Yogurt Cheese Balls serves 6-8: Adapted from a recipe by Victoria Jenanyan Wise. The proportion of salt to yogurt produces a remarkably similar texture to goat cheese. I used completely different herbs/spices but loved the results- spicy, garlicky and addictive. As a quicker alternative the spices and herbs can be mixed into the yogurt cheese and served in a bowl. (I tried this method recently using a low fat yogurt and only one day of is fine but nothing to rave about. The cheese was too sour and thin. It makes all the difference using whole milk yogurt, draining over several days, making the balls and using the olive oil.)

1 ½ quarts good quality plain whole milk yogurt
2 tsp kosher salt
6 Tblsp extra-virgin olive oil
2 cloves garlic chopped fine
2 chili de arbol crumbled and toasted with seeds
2 tsp chopped fresh rosemary (more or less)
1 tsp chopped fresh oregano
1 tsp chopped fresh thyme

Directions: Line a colander with cheesecloth and dump the yogurt in. Place the colander in a bowl deep enough to collect the whey but still be held away from the yogurt above. Leave in the refrigerator overnight. Next day dump the whey and stir the salt into the thickened yogurt. Place the salted yogurt back in the refrigerator to drain another day. Next day dump the whey and roll the thickened yogurt into walnut sized balls. Place onto a plate lined with paper towels. Refrigerate again overnight loosely covered. Place the balls in a shallow bowl or tray and mix the chili, garlic and herbs with the oil in a separate bowl. Pour over the cheese balls to coat and put in the refrigerator again for at least two hours. Serve with crackers and spread as thickly as you want.


Lydia (The Perfect Pantry) said...

Goodness, this does sound absolutely luscious!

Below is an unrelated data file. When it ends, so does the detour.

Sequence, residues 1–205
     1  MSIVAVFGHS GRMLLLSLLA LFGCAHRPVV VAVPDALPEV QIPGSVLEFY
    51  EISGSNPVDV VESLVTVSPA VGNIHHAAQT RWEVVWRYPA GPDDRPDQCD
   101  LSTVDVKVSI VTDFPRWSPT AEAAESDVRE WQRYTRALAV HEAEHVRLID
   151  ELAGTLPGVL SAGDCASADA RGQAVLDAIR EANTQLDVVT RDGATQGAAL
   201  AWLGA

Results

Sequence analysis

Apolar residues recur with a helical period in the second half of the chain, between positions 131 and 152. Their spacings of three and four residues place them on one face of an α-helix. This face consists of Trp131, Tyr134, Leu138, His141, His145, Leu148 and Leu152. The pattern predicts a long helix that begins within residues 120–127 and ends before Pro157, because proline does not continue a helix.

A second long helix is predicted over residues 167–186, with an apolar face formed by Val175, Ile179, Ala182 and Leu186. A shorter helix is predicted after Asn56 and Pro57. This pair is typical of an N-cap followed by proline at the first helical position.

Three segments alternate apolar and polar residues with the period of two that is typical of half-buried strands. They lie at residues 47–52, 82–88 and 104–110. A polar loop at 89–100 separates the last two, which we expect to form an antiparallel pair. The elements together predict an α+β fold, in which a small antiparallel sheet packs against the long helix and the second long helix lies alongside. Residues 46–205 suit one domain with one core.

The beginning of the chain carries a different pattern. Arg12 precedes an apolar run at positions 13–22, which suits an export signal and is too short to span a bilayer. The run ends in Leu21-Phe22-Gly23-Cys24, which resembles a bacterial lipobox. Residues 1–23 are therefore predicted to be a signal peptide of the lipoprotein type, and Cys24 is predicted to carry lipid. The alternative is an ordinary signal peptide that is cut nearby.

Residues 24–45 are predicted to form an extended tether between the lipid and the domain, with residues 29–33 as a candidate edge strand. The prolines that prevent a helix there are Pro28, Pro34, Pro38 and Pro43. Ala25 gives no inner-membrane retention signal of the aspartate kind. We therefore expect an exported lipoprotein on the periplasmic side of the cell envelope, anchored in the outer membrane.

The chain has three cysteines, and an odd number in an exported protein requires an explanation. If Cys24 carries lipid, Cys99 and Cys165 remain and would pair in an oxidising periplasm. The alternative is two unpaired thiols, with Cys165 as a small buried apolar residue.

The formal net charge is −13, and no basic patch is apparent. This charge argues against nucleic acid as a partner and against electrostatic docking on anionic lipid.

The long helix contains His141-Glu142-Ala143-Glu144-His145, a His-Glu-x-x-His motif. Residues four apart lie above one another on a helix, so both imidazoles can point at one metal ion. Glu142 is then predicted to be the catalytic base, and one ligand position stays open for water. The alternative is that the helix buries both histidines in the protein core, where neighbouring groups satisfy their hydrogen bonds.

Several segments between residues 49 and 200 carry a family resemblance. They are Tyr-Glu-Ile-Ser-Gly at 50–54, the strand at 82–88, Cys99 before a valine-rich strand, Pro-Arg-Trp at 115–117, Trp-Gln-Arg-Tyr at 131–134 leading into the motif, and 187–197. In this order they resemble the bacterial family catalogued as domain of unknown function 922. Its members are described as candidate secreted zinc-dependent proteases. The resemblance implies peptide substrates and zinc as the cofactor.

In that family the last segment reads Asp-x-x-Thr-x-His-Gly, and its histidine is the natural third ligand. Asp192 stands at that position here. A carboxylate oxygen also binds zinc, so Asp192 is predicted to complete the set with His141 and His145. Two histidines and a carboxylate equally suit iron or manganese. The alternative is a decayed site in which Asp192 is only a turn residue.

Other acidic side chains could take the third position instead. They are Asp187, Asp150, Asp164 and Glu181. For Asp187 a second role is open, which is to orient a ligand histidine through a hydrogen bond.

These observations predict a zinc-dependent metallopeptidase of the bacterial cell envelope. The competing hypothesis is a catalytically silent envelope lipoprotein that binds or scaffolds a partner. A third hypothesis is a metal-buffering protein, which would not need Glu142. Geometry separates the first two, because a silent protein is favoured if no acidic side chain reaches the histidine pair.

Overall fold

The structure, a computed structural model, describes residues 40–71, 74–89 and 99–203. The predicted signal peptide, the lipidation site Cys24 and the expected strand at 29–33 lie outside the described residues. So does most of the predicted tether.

Anonymous said...

Very Very phunnie ('spread so thin you could read cheapskate' - that's a classic) and yet, and yet, I think I might like to eat that of which you write as well.

Your writing, so artful and assured, deprecating and witty, I'm sure makes all of us fans believe we know you as a long-time intimate.


Lis said...

HA! You're humor never fails to crack me up! I especially love reading your posts very early in the morning, knowing I'll get a kickstart to sustaining a good mood for the rest of the day. =)

This recipe is dangerous though.. although a little time consuming, it sounds way too easy - with sinful results. Just the kind of recipe that trips my trigger! I can guarantee that I'll be joining you in cheese balls and crackers very soon. :D


Monkey Wrangler said...

Calli, wow! I've ventured into ricotta, but this definately takes it up a notch. I will try it. And you said "derry-o." Funny thing it's from Victoria, as I was recently loaned a copy of "The pig by the tail."

Callipygia said...

lydia- this is, the original recipe is a derivative of labneh and can be sprinkled with za'atar or any other interesting spice mix.

blatta- thank you always for your enthusiastic words, knowing how much you like to walk on the rich side of things, you should try this!